Republished from: The Charlotte Observer – McClatchy-Tribune Information Services via COMTEX
Crew members from three previous flights of the US plane that made people sick this week in Charlotte still have not returned to work because of illness related to those flights.
Researchers say passengers on those previous flights might have unknowingly been exposed to toxic fumes, and symptoms might not show up for days or weeks.
Eight pilots and crew members on flights in December and January have not returned to work due to their symptoms, a flight attendant union representative said Wednesday.
“They’re all breathing in the same air,” said Judith Murawski, a safety researcher for the Association of Flight Attendants. “There’s no question that passengers might be affected, and they just have no idea.”
U.S. Airways spokeswoman Michelle Mohr said Wednesday that passengers on at least one of the previous flights — Flight 1041 from St. Thomas, Virgin Islands, to Charlotte on Jan. 16 — were notified of possible exposure.
The plane involved in all four incidents, a Boeing 767, caused nine people to be taken to Carolinas Medical Center on Tuesday morning after they complained of symptoms consistent with exposure to toxic fumes. Two pilots, five flight attendants and two passengers were taken from Flight 985, which was scheduled to leave for Jamaica but returned to the gate after an electrical smell was reported in the cabin.
US Airways mechanics determined Wednesday that two bad seals on a rear door of the plane — tail No. 0251 — caused the problem, said Kathleen Bergen, spokeswoman for the Federal Aviation Administration’s southern office in Atlanta.
“The bad seals, combined with a strong tailwind, allowed engine exhaust into the plane,” said Bergen.
Mohr said the seals probably would have performed properly when the cabin became pressurized. She said the airline will not clear the plane for flights until it conducts a “deeper review,” given the plane’s recent history of problems.
The incident is the aircraft’s fourth in three months. On Dec. 28 and 30, crew members were sickened from a leak of hydraulic fluid on flights to Puerto Rico, Mohr said. No one was taken to a hospital then.
The plane was cleared for flight in early January, but on Jan. 16, eight passengers and seven crew members complained of headaches and nausea on a flight to Charlotte from St. Thomas in the Virgin Islands. Several were taken to a hospital in Charlotte. The plane was grounded while workers searched for and repaired what the company described in an e-mail to flight attendants as a leak of oil fumes into the cabin air system.
Crew members from each of those three flights remain out of work — including all but one of the seven crew members from the Jan. 16 incident, said Murawski. Crew members, including one based in Charlotte, are complaining of several symptoms consistent with exposure to toxic fumes, said Murawski, who remains in regular contact. Those symptoms, which have not improved for some, include severe headaches, memory loss and respiratory problems.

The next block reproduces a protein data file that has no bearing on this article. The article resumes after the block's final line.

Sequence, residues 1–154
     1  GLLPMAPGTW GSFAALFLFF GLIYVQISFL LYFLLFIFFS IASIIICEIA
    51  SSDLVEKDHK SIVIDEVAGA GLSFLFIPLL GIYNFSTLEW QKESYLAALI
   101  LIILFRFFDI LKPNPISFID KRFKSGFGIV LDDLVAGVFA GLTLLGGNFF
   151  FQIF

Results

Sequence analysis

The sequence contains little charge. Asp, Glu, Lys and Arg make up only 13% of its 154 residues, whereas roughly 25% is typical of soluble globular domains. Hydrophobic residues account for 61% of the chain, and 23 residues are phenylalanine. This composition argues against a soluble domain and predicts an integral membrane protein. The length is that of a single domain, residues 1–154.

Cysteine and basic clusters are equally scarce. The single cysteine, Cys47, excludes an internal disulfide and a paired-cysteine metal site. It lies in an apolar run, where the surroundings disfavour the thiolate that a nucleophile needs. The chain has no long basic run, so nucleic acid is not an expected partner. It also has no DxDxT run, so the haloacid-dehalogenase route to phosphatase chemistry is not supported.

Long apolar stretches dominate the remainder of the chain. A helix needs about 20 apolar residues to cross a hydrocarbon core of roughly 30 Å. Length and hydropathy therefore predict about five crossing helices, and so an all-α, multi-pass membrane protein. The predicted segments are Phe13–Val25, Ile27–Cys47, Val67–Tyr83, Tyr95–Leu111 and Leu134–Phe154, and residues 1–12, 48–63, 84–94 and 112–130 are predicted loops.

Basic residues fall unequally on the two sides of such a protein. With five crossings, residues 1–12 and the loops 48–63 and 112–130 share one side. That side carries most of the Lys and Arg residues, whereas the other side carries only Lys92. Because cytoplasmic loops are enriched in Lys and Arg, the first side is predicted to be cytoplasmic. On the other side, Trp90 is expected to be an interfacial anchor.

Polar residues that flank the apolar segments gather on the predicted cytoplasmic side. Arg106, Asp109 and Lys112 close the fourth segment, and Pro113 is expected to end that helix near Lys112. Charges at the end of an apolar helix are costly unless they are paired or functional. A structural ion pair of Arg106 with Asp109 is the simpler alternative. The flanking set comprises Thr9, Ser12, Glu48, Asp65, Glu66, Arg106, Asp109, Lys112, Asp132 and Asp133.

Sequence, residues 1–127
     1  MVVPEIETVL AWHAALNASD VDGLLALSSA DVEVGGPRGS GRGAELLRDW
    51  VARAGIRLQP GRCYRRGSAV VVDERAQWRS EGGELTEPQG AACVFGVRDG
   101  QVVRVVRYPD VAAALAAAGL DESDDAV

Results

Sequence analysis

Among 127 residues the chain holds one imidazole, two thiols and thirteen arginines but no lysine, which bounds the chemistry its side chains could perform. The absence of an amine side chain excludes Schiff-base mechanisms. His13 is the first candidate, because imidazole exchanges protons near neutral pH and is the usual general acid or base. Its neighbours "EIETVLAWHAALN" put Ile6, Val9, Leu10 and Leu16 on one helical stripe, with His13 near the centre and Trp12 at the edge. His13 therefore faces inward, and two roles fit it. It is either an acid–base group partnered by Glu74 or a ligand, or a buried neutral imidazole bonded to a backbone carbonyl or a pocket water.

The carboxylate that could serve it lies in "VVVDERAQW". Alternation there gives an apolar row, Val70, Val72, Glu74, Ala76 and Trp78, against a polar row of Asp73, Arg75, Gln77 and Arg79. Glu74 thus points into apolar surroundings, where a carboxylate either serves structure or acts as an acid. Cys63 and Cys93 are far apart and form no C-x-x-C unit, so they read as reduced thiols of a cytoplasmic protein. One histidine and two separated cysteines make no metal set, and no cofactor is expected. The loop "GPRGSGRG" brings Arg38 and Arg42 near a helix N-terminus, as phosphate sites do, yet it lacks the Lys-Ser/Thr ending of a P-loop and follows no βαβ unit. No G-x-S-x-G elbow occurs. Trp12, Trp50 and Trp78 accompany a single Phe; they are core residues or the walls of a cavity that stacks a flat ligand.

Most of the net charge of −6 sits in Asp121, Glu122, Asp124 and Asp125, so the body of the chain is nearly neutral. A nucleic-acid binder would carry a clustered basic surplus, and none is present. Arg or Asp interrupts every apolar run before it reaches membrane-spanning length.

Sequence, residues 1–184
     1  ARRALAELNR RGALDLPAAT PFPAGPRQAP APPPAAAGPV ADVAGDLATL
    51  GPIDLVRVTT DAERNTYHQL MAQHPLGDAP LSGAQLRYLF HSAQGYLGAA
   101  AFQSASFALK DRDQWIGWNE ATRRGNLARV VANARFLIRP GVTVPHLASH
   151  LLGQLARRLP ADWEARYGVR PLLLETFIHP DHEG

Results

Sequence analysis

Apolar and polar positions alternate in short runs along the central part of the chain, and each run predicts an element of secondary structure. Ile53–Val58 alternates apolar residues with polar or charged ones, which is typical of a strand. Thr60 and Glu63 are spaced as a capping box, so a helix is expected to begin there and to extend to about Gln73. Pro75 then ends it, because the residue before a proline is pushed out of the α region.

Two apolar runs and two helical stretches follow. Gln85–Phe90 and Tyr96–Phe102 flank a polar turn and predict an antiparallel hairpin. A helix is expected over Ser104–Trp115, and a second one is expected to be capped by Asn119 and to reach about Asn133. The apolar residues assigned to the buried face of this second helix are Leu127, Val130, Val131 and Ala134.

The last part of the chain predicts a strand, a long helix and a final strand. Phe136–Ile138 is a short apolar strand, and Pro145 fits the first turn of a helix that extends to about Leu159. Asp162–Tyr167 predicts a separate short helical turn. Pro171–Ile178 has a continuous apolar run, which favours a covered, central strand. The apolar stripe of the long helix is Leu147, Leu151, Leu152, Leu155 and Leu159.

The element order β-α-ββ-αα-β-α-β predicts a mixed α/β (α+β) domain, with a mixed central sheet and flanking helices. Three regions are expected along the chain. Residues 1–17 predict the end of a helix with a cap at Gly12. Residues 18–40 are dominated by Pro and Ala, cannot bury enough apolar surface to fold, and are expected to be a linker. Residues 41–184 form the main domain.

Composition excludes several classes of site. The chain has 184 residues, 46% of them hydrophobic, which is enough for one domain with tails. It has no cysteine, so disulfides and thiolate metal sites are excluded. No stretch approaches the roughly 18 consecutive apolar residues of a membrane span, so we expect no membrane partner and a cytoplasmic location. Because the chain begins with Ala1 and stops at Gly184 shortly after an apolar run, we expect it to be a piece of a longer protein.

Crew members also have sent blood samples to Clem Furlong, a University of Washington scientist who is doing research to determine if they were exposed to toxic engine oil fumes. Factors such as diet and medications may explain why some people are more vulnerable to toxin exposure, Furlong said, but passengers would be susceptible to exposure.
If passengers experience similar symptoms, Furlong said, they should let their doctor know they may have been exposed to potentially toxic fumes.
On the Jan. 16 flights, attendants noticed that passengers asked for more icepacks and tissues than usual on the flight from Charlotte to St. Thomas, said Murawski. Those passengers were not notified of the possibility of exposure to toxic fumes, said Mohr. The complaints about headaches and nausea happened on the return flight.
Murawski said problems involving oil fumes in planes are more common across the industry than people think. She researched 18 months of FAA reports this decade and found almost one report per day of incidents involving oil fumes and odors.
“When pilots are exposed to these fumes, there’s a flight safety issue,” she said.
The FAA could not immediately provide statistics Wednesday on how frequently fumes are reported on aircraft.
The issue of fumes prompted union complaints last fall to US Airways — as well as a February letter from the leaders of pilot and flight attendant unions complaining about problems on aircraft No. 0251. The letter, which called for a formal investigation into the incidents, said that crew members had gone through a “great deal of suffering,” and “There is no way of knowing how many passengers who flew on AC251 during that period are also experiencing neurological or respiratory symptoms, but have not yet connected their symptoms to the aircraft.”
A union representative in Charlotte was skeptical Wednesday that the US Airways diagnosis of rear seal problems in Tuesday’s incident would solve the issues.
“I’m not saying they’re lying, or that didn’t happen,” said Mike Flores, an official with the US Airways chapter of the flight attendants union. “But I’m not a believer that this plane is fit to fly.”
Flores said crew members might refuse to fly on the plane.
“This airplane has had four separate incidents, and crew members are still out of work,” he said. “What are we waiting for, a fifth?” Staff Writer Steve Lyttle contributed.
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